Arbitral jurisdiction based on implied consent involves a non-signatory that should reasonably expect to be bound by (or benefit from) an arbitration agreement signed by someone else, perhaps a related party. In such circumstances, no unfairness results when arbitration rights and duties are inferred from behavior.
Implied consent focuses on the parties’ true intentions. Building on assumptions that permeate most contract law, joinder extends the basic paradigm of mutual assent to situations in which the agreement shows itself in behavior rather than words.
Disregard of corporate personality
In contrast to implied consent, disregard of corporate personality builds on factors such as fraud or undercapitalization. Regardless of the parties’ intent, the legal entity that signed the arbitration clause disappears, and a shareholder answers for its corporate obligations. In ceasing its separate legal existence (for purposes of the arbitration), the signatory company leaves its owner or affiliate to inherit arbitration rights and duties.
To illustrate, a businessman might actively negotiate a purchase agreement containing an arbitration clause, but at the last minute arrange for it to be signed by a company owned and controlled by him. An application to extend the arbitration clause to the businessman could find support in the notion that buyer and seller intended the businessman to be a party to the agreement.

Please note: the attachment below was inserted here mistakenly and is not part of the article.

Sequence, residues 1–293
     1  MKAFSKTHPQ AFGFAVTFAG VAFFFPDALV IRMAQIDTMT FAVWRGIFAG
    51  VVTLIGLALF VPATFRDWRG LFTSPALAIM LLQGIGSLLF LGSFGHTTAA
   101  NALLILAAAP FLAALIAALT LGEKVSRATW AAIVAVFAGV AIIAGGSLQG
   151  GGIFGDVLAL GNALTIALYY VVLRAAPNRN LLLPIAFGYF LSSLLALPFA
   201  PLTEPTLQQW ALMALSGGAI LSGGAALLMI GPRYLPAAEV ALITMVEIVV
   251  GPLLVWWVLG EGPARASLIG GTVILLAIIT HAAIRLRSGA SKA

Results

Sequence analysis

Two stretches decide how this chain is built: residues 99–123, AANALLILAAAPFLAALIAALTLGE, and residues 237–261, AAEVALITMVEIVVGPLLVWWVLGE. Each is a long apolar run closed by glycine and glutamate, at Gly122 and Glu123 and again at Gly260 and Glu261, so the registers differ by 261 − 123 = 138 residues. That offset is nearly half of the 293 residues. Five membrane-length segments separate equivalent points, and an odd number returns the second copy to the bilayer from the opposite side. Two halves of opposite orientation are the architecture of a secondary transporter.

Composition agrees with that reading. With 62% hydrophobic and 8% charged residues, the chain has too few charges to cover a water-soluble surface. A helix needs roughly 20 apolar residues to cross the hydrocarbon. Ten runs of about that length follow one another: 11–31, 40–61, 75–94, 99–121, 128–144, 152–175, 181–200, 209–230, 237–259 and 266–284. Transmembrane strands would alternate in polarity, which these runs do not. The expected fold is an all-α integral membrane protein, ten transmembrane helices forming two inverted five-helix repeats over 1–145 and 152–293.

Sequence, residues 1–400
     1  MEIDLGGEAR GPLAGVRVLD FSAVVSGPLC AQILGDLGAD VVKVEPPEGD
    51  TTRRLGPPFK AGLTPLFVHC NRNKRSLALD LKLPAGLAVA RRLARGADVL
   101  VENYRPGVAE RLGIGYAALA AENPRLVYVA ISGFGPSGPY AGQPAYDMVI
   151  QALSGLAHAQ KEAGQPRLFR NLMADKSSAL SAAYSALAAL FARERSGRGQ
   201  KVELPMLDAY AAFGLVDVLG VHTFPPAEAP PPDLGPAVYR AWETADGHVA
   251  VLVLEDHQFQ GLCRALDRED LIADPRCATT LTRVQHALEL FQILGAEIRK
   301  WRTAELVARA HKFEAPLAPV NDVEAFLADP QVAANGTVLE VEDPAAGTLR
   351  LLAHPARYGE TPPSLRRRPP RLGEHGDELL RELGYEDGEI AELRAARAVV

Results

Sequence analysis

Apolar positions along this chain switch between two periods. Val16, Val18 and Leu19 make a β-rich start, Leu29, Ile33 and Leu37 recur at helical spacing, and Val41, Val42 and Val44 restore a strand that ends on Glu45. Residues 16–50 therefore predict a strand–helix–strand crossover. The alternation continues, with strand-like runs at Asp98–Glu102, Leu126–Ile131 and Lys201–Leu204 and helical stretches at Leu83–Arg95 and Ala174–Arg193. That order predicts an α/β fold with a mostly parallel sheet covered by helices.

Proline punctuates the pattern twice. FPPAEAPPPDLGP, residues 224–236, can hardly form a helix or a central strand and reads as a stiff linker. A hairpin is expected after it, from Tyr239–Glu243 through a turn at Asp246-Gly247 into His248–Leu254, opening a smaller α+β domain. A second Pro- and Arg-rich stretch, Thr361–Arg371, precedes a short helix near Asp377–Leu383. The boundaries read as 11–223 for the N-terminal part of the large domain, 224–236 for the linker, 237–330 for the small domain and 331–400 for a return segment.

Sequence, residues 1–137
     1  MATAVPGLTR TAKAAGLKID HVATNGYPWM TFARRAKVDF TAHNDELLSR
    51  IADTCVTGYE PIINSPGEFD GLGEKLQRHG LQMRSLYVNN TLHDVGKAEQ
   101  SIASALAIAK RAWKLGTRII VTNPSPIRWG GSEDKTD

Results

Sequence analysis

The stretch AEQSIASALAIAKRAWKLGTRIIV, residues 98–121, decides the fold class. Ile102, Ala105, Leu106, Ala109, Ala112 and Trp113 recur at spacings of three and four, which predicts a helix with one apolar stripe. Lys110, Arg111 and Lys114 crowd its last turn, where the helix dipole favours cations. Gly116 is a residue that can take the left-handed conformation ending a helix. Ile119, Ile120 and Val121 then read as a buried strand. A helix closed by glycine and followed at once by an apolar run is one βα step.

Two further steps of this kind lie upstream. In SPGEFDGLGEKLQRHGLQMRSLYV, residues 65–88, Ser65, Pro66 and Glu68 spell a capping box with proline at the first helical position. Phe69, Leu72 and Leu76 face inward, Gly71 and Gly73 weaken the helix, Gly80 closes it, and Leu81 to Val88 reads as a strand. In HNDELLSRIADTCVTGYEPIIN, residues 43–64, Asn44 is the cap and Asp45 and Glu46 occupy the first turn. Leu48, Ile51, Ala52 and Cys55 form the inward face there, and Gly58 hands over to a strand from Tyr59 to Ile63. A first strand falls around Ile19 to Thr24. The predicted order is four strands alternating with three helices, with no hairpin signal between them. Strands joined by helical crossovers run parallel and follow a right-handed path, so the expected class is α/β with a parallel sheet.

Assume, however, that the businessman played no role in the contract negotiation and performance, but did misappropriate corporate assets for personal use. If the fraudulent transactions made the company an empty shell, an arbitrator might feel justified in looking beyond the corporation to its owner, irrespective of what the parties had originally intended. For jurisdictional purposes, the corporation would simply cease to exist, leaving the businessman to inherit the arbitration clause.
In practice, of course, arguments on joinder overlap. A single fact pattern might lend itself both to disregard of the corporate form and to finding implied consent. A parent company’s fraudulent manipulation of an undercapitalized subsidiary could justify disregard of the corporate form, as well as a finding that the subsidiary acted merely as agent for the parent company, which was the true contracting party.6
Such overlap can lead to a focus on “the right result” rather than analytic rigor. Good arbitrators, however, will resist the temptation to sloppy reasoning, which can bring discredit to the arbitral process.
The interrelatedness of theories affecting non-signatories might be illustrated by the following scenario, in which a parent’s involvement in contract negotiation might lead to different conclusions from those flowing from contract performance. Two engineering firms agree to work together on a construction project, one as prime contractor and the other as subcontractor. Their contract contains an arbitration clause. After the deal goes sour, the subcontractor seeks payment for work allegedly performed at the prime contractor’s direction. Arbitration is filed not only against the prime contractor (tottering on bankruptcy, it turns out) but also against its more financially stable parent shareholder.